08 February 2012


Let me just begin by saying that I am so grateful to believe in a God who sent his Son to take all of my pain so that I would never have to think about doing this stuff to myself in order to show my faith. What you are about to see is what I call nuts – not to offend anyone (I do nutty things from time to time). Some of the photos in this post portray pain and some may make you cringe; none of the photos show blood or bones.

Thaipusam (TIE-pu-sum) is a Hindu celebration observed by an Indian tribe (actual Indian, not American Indian) known as the Tamil. Singapore has a very large Indian population so it is no surprise that all of Little India came out to celebrate this day to worship Lord Murugan (we saw the statue in Kuala Lumpur at the Batu Caves – post dated 27 November 2011).

The day began very early at the Sri Srinivasa Perumal Temple in Little India. Men, women and children gathered to prepare offerings for Lord Murugan later in the day. The highlight of the celebration is seen throughout the 4.5-km (2.8-mile) walk that devotees walk from one temple to the next. Men and women of all ages carry Kavadis, or burdens, from one temple to the other. Kavadis may be a jug filled with milk carried on one’s head, a stick with baskets on either side, typically carried on one’s shoulder, a small box-shaped apparatus called a palanquin carried on one’s shoulder or a large structure that is attached to one’s body and is intricately decorated.

Those bearing Kavadis must follow strict rules from the time one decides to bear the Kavadi and the time of the offering. Requirements include a period of celibacy, abstaining from intoxicating drinks and drugs, bearers must grow beards and wear saffron-colored cloths and eat only once per day. On the day of the walk, Kavadi bearers may impose self torture, and many did.

Yesterday was Thaipusam. I began my journey into Little India’s Sri Srinivasa Perumal Temple around 9 and arrived nearly an hour later. Some Kavadi bearers had already begun their trek to the Sri Thendayuthapani Temple near Dhoby Ghaut by the time that I arrived but there were still many, many more gearing up for their walk.

This was my first time inside an Indian temple so I took a few photos of the inside.

Shoes lining the walls inside and outside of the temple. Yes, my shoes were left outside. 
Those participating in the Thaipusam walk exited the temple through this corridor.

The energy inside the temple was amazing. People were singing, yelling and chanting while drums and wind instruments played. There was excitement all around as the families prepared the Kavadis.

The steel Kavadis take hours to prepare. There are so many pieces and each is so different. Take a look at the various decorations:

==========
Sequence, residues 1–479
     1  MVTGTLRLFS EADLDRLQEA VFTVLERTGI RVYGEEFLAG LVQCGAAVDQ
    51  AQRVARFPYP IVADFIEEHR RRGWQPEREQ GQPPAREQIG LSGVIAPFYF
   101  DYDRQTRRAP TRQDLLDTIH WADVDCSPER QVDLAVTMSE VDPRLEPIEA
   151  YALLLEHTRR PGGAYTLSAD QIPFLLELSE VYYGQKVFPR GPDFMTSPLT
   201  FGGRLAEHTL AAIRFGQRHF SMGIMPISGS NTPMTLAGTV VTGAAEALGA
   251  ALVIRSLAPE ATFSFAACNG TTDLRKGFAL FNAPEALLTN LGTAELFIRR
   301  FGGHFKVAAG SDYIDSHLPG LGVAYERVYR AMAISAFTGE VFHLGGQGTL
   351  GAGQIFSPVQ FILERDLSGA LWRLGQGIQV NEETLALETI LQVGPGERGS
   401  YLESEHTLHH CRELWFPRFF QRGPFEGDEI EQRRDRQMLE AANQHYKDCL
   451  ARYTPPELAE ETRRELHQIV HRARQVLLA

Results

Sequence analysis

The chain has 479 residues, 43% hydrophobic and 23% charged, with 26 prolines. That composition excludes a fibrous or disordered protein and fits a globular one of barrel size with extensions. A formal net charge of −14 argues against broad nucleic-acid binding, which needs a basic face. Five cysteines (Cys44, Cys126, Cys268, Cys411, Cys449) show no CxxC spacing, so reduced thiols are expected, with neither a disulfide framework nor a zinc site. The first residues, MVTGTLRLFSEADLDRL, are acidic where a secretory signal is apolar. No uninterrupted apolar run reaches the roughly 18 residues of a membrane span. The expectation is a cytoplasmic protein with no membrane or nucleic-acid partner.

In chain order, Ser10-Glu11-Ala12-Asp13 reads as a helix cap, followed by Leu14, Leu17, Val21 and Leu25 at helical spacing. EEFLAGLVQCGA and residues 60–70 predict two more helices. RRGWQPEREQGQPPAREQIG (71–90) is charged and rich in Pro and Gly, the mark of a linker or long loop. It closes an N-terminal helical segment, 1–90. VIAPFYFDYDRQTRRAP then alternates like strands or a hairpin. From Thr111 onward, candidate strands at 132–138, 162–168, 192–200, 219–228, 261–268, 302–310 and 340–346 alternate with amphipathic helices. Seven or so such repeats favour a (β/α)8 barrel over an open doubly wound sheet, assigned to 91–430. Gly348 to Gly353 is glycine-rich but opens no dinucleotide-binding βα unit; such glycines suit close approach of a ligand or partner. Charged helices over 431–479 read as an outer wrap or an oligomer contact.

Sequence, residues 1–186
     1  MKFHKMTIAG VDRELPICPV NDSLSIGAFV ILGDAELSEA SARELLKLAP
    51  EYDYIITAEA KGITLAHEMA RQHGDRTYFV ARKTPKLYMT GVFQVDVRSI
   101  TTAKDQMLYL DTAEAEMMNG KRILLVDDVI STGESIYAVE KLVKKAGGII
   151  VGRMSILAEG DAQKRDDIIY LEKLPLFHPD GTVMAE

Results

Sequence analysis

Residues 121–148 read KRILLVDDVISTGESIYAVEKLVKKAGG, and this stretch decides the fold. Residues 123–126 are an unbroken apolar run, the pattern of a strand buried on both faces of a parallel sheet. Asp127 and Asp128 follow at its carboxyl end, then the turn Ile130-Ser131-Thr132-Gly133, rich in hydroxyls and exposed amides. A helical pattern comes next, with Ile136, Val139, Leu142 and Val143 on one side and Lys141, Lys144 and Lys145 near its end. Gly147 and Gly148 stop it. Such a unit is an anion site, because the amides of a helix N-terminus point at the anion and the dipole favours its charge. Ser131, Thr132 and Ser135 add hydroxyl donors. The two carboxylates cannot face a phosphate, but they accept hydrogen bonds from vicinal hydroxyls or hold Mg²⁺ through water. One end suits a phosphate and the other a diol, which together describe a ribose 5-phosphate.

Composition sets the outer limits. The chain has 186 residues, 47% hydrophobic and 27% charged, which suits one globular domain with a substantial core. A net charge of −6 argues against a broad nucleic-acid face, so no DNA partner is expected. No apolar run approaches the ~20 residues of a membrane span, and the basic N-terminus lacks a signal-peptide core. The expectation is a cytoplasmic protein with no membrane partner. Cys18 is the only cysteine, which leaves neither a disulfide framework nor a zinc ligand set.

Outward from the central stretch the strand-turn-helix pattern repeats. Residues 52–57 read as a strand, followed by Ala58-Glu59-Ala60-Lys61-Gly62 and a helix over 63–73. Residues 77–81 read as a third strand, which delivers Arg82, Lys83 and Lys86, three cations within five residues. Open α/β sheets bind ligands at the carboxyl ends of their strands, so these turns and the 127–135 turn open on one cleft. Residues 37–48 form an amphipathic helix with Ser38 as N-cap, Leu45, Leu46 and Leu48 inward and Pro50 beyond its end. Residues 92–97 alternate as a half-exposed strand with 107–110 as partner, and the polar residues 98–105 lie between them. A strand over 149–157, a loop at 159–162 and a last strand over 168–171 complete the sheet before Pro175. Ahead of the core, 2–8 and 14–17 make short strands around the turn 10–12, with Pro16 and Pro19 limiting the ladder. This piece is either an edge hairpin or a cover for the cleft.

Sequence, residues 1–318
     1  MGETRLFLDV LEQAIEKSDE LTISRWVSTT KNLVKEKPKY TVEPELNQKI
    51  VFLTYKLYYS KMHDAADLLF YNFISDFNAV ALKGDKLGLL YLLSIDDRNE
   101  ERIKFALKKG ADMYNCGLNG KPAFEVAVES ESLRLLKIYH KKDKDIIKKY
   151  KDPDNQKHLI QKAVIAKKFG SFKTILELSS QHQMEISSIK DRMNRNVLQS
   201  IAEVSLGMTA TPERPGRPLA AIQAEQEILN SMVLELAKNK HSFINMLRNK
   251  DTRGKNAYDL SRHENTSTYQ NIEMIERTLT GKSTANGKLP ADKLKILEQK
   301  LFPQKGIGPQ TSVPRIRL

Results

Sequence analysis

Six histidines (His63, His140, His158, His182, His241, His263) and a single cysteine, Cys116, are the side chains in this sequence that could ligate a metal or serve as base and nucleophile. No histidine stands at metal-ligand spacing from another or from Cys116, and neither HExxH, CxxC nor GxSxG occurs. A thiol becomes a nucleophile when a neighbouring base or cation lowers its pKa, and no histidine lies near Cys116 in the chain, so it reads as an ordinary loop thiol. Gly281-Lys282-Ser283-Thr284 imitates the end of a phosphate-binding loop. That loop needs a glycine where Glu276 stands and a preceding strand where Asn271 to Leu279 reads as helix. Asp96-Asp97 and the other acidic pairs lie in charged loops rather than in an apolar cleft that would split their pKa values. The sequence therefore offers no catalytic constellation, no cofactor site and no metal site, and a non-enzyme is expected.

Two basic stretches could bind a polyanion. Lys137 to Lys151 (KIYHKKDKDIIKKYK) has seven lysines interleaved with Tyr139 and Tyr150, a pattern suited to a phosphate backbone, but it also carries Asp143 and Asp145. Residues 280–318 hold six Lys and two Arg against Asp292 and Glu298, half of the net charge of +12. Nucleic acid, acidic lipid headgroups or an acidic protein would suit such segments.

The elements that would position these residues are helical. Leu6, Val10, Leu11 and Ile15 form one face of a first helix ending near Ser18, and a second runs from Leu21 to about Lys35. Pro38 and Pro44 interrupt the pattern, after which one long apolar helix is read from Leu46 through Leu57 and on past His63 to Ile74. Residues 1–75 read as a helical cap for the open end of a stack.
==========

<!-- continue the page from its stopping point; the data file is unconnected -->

Here is a 2-minute video showing how many people it takes to put just the top portion of the Kavadi onto one bearer.

The chants were the loudest when a man’s face was being pierced and when a man had completed the process of assembling and attaching the Kavadi.

Some of the men pierce their bodies to secure fruits and bells (this is when you may cringe).

These are the spikes...
...that go through the holes...
...and into a man's torso.

The finished Kavadi

A path between the two temples was sectioned off along the main roads through town and policemen were positioned to control both foot and vehicle traffic throughout the day. All along the route, friends and family members walked beside and encouraged those carrying Kavadis. 

Cringe Warning!

At one point, I found myself in the middle of the parade. I thought I might look a little funny in some of the onlookers’ photographs.

As we neared the Sri Thendayuthapani Temple, some devotees handed out drinks for the trekkers. At one point, a couple people came out with jugs of water and doused the Kavadi bearers’ feet. It was definitely a hot day in Singapore and walking barefoot on the pavement would certainly add to the pain the men were likely already experiencing.

While the men were stopped, one devotee came into the street and asked the Kavadi bearers to dance; the man excitedly participated.

The second temple was just as crowded as the first with more singing and chanting as each Kavadi bearer entered the temple.

Many people were seen worshiping and providing their offerings inside.

Once the Kavadis were unstrapped from the men’s bodies and the jugs and the palanquins were unloaded, the steel Kavadis were taken apart and the spears were removed.

Preparing to remove the Kavadi

These markings are seen after only a minute or two. I can only imagine what they look like today.

Many people, men, women and children, have their heads shaved on Thaipusam. I did see a sign for the head saving area at the far end of the home stretch but I did not actually see the area near the temple. The heads are shaved as an offering of thanks and gratitude.

I was fascinated by the colors, the grandness of some of the Kavadis, the crowds that came to support the bearers and, of course, I was fascinated by the people who would willingly torture their bodies and complete a 5k. The last time I did a 5k I wanted to kill myself…and I wasn’t carrying anything but self-doubt and my will to survive. 

1 comment:

Stacy said...

Hello, I just found your blog. I really enjoy reading it, i think it's interesting to read about how you think of Singapore. You make it sound like such a lovely place to live in. It's weird how I'm from Singapore and I hate it so much. I'd rather live in Ohio.